Under the diagnosis of a carcinoid tumor of the minor papilla in complete pancreas divisum, the patient underwent a pylorus-preserving pancreaticoduodenectomy. The resected specimen consisted of duodenum, pancreas, and CBD. There was a 1.2 × 1.0 cm submucosal lesion of the minor papilla (Figure 5).
On the microscopic examination, uniform and round-shaped cells were visualized in or around the heterotopic pancreas in the minor papilla, arranged in a solid nest or tubular pattern, suggesting a carcinoid tumor. There was vascular invasion, but no perineural invasion was noted (Figures 6A, B). Among the four resected regional lymph nodes, 2 metastatic nodes were detected. The tumor cells showed immunoreactivity to neuroendocrine markers, such as synaptophysin and chromogranin (Figures 6C, D) The patient has been without abdominal pain for 1 year after surgery.
The term carcinoid has been replaced with NET based on the development of diagnostic tools and immunochemistry. Recently, NETs have been reclassified within the spectrum of gastroenteropancreatic-neuroendocrine tumours (GEP-NETs) . However, the term "classical carcinoid" is used synonymously with the term serotonin-producing GEP-NETs . A classical carcinoid tumor is usually still referred to as a carcinoid tumor. The incidence of gastrointestinal carcinoids is 1.6-2.0 cases per 100, 000 persons per year , but the true prevalence may be higher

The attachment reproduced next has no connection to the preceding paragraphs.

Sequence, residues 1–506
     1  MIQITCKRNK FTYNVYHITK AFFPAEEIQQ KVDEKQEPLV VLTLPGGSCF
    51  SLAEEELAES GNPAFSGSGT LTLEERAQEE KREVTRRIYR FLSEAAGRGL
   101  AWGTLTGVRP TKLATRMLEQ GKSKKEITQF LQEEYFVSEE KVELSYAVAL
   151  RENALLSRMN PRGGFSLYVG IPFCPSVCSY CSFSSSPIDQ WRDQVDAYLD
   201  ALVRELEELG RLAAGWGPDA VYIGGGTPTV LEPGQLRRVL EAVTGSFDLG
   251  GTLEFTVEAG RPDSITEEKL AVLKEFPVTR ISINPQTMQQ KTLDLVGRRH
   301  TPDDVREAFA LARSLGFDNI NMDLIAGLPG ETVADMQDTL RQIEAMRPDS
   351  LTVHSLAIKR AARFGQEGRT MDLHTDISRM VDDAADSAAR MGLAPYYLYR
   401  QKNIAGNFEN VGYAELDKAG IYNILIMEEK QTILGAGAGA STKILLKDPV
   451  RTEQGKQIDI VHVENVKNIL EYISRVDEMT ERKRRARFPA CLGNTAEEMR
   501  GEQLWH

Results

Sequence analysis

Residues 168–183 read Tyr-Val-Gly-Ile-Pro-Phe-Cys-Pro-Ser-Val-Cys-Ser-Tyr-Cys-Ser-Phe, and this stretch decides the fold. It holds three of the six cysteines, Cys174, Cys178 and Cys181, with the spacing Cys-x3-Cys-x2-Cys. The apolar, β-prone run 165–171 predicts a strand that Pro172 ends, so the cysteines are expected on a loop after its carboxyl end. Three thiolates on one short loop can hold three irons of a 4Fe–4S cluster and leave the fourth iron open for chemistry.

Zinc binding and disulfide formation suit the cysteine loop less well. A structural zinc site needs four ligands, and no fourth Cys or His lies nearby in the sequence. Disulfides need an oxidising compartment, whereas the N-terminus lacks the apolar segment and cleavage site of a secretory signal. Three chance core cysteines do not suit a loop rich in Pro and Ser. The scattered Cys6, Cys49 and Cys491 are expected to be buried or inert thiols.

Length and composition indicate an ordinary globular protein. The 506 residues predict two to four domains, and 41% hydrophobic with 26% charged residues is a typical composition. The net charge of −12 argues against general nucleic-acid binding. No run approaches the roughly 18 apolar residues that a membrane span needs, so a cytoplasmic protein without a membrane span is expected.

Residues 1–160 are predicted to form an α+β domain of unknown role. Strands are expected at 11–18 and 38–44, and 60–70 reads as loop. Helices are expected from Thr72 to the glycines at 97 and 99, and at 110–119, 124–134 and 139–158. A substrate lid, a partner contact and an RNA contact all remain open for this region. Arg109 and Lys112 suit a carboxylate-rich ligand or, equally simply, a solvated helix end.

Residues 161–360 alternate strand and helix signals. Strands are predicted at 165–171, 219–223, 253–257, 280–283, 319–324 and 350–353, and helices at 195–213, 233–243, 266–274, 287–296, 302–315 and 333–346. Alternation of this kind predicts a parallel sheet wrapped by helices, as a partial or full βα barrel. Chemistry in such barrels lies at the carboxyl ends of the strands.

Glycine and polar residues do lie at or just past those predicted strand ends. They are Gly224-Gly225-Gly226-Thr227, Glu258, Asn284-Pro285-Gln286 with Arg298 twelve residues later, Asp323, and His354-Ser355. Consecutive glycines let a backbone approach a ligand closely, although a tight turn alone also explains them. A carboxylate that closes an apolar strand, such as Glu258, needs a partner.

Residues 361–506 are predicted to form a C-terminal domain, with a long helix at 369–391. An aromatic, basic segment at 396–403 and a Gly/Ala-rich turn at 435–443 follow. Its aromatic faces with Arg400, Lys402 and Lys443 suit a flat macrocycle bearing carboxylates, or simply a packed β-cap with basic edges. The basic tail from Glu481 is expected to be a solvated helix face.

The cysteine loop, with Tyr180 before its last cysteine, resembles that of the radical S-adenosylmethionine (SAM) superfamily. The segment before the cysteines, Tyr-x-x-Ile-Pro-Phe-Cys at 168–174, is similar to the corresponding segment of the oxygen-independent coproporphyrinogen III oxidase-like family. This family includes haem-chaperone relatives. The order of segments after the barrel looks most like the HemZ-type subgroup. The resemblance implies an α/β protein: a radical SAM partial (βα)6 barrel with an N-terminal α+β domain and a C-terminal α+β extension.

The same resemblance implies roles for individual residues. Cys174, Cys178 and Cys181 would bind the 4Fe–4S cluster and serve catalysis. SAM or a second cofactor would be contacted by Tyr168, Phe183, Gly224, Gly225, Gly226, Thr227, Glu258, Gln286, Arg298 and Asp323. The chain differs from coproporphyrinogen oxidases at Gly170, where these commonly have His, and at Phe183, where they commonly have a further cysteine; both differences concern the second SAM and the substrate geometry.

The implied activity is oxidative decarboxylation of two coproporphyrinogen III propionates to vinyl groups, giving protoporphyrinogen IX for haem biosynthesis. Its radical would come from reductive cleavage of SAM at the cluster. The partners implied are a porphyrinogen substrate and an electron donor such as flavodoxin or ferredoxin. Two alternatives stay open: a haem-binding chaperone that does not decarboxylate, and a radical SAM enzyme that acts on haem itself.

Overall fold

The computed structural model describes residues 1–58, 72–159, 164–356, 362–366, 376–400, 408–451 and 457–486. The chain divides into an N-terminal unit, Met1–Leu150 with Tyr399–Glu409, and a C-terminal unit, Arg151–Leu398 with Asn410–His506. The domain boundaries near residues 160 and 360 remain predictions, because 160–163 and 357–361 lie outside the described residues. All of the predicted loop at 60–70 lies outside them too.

Although more than 70 cases involving carcinoid tumors of the major papilla have been reported , only 8 cases of carcinoid tumors involving the minor papilla have been reported [1–8]. Carcinoids and endocrine cell micronests (ECMs) in the minor papilla occur more frequently than generally thought. In a single surgical specimens and autopsy study, the incidence of carcinoids and neoplastic ECMs of the minor papilla could reach 10%. Furthermore, carcinoids in the minor papilla are twice as common as carcinoids of the major papilla, and neoplastic ECMs of the minor papilla are found five times as often . This discrepancy may be explained by the fact that tumors of the major papilla are more likely to develop symptoms, such as jaundice or abdominal pain, due to ampullary obstruction, whereas patients with minor papillary tumors usually remain asymptomatic because there is no biliary or pancreatic obstruction.